(Reuters Health) – – Physicians training at many of the top U.S. medical schools get much less time off for childbearing and family leave than the 12 weeks recommended by doctors, two new studies suggest.
Only eight of the 15 hospitals affiliated with the top 12 medical schools in the U.S. have paid family or childbearing leave for doctors in training, even though all of the schools have leave policies for faculty physicians, one of the studies in JAMA found. Trainee doctors got an average of 6.6 weeks of paid leave, compared with 8.6 weeks for faculty physicians.
This is significantly less than the 12 paid weeks that would be provided in a proposed federal law supported by the American Academy of Pediatrics (AAP). The AAP recommends three months of leave to support the health of both infants and parents, said lead study author Dr. Christina Mangurian of the University of California, San Francisco.
“This lack of family leave impacts the physician in training because it denies that person from important bonding time that benefits the infant and mother’s mental and physical health,” Mangurian said by email. “This lack of family leave impacts patients because study after study has shown that if physicians are happy and not burned out, they provide better patient care.”
Integrating career and family is challenging for physicians at all stages of professional development, but especially difficult during training programs that typically coincide with prime childbearing years, researchers note.
At the same time, hospitals depend on the clinical care their residents provide, the study authors also point out. Extended family leaves can affect staffing, as well as residents’ ability to develop needed skills.
Mangurian and colleagues assessed leave policies at hospitals affiliated with medical training programs at Columbia University, Duke University, Harvard University, Johns Hopkins University, the University of Michigan, the University of Pennsylvania, the University of Pittsburgh, the University of California San Francisco, Stanford University, the University of Washington, Washington University St. Louis, and Yale University.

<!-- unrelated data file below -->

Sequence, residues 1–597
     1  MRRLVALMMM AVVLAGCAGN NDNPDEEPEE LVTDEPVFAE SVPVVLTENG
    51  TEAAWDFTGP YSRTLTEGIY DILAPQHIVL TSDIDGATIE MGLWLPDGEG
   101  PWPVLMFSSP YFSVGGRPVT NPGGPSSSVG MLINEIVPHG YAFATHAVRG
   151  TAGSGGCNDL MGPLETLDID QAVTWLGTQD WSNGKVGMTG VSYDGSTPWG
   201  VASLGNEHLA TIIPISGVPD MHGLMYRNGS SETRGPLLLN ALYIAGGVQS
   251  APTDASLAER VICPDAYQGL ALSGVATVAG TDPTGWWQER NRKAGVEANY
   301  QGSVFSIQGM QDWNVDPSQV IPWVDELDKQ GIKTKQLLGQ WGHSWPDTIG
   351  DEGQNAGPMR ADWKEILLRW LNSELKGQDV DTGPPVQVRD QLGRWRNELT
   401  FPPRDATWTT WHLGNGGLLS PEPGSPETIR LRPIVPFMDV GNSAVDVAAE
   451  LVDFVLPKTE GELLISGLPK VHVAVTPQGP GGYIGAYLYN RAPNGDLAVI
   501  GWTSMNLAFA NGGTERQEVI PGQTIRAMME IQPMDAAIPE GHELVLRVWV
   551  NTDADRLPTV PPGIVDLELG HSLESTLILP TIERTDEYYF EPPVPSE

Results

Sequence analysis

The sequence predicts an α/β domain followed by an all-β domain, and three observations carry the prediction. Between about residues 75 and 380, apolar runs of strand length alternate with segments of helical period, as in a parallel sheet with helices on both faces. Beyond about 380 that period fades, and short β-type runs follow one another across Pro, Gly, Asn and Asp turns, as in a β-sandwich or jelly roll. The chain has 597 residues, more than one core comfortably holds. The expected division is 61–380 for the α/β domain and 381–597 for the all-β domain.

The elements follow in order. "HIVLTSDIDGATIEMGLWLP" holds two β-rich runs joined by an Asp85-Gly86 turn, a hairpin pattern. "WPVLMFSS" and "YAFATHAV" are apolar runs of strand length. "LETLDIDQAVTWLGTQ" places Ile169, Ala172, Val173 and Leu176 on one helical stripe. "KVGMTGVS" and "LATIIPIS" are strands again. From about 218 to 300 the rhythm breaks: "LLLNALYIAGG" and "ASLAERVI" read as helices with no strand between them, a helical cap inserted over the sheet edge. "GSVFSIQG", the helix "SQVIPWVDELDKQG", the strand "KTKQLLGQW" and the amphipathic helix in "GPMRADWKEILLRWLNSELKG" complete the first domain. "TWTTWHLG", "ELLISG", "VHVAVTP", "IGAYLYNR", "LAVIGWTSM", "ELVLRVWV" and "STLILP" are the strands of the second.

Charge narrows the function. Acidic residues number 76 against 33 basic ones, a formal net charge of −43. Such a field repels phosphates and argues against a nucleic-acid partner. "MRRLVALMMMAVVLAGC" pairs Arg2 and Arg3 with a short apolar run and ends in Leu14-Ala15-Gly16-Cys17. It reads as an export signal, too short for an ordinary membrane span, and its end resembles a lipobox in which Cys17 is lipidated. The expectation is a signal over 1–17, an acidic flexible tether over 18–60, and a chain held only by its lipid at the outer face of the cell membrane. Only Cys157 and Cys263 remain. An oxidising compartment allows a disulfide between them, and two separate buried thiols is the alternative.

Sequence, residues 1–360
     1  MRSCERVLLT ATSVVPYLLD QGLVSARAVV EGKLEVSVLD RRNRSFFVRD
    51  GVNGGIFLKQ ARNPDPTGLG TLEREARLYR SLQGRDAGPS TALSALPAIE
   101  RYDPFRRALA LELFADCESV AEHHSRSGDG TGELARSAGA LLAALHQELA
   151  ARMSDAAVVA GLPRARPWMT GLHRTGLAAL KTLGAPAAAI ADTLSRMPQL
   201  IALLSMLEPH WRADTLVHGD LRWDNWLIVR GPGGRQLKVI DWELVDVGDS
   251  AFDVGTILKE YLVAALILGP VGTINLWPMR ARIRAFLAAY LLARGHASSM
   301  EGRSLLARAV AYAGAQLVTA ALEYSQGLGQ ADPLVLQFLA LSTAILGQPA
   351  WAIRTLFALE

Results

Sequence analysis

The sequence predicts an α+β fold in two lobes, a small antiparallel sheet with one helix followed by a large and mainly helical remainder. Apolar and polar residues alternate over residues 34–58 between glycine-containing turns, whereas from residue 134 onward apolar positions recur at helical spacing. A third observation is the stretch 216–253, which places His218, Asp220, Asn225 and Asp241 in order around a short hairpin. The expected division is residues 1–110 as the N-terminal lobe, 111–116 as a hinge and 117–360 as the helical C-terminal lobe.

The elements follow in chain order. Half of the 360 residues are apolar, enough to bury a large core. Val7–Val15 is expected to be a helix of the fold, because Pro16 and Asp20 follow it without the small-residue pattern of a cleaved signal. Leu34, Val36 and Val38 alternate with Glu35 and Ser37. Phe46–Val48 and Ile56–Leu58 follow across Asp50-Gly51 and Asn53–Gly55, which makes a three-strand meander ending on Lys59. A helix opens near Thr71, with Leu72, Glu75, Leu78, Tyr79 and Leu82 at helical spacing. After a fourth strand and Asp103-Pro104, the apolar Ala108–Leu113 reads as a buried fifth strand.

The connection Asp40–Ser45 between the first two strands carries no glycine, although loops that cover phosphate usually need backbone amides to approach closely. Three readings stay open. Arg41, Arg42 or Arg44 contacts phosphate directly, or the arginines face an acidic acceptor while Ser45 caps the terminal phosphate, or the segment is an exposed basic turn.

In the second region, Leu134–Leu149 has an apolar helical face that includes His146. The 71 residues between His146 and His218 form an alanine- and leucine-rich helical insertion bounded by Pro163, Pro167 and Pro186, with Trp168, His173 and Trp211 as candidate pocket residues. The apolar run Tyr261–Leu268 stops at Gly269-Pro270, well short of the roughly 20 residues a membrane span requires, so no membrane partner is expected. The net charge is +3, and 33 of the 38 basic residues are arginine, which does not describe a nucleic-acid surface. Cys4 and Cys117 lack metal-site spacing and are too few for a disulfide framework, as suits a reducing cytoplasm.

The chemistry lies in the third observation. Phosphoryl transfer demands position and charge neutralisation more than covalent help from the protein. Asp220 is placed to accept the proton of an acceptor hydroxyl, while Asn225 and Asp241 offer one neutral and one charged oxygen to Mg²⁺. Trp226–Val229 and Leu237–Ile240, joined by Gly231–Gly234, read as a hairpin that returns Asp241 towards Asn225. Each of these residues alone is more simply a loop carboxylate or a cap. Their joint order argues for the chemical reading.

Birth mothers generally fared better than other parents, with maternity leave including family leave available to childbearing mothers ranging from two to 10 weeks. In several cases, leave decisions were left up to individual departments, making it possible that new parents training in different specialties at the same hospital might have varying amounts of time off.
A second study in JAMA highlights one reason why leave policies might vary by department: medical specialty boards that set training requirements often cap how much time off is allowed.
For this study, researchers examined leave policies for 24 American Board of Medical Specialty (ABMS) member organizations, which set training requirements for surgeons and physicians in fields like dermatology, obstetrics and gynecology, radiology, and urology.
“It was surprising how much variation exists across specialty board policies regarding leave, as well as how much ambiguity exists within policies,” said study co-author Dr. Briony Varda of Boston Children’s Hospital.
“This variability and ambiguity adversely affects both trainees and programs when it comes to decision-making about maternity leave; and it may affect diversity across medical specialties,” Varda said by email.
Overall, the half of the specialty boards offered doctors in training at least six weeks off, without permitting them to extend the timeline for their training program, the study found.
However, most board policies lacked specific references to parental leave and most were ambiguous about whether training would need to be extended, which may create barriers to parents seeking leave, the study authors note.
Essentially, these policies may mean time off is determined at least in part by negotiating skills of individual parents.
“Female trainees do not come from a position of strength to negotiate leave, nor should they need to negotiate, Varda said. “The median six weeks of leave is not adequate for the mother or child.”
SOURCE: bit.ly/2PuqJm8 and bit.ly/2Pur5cs JAMA, online December 11, 2018.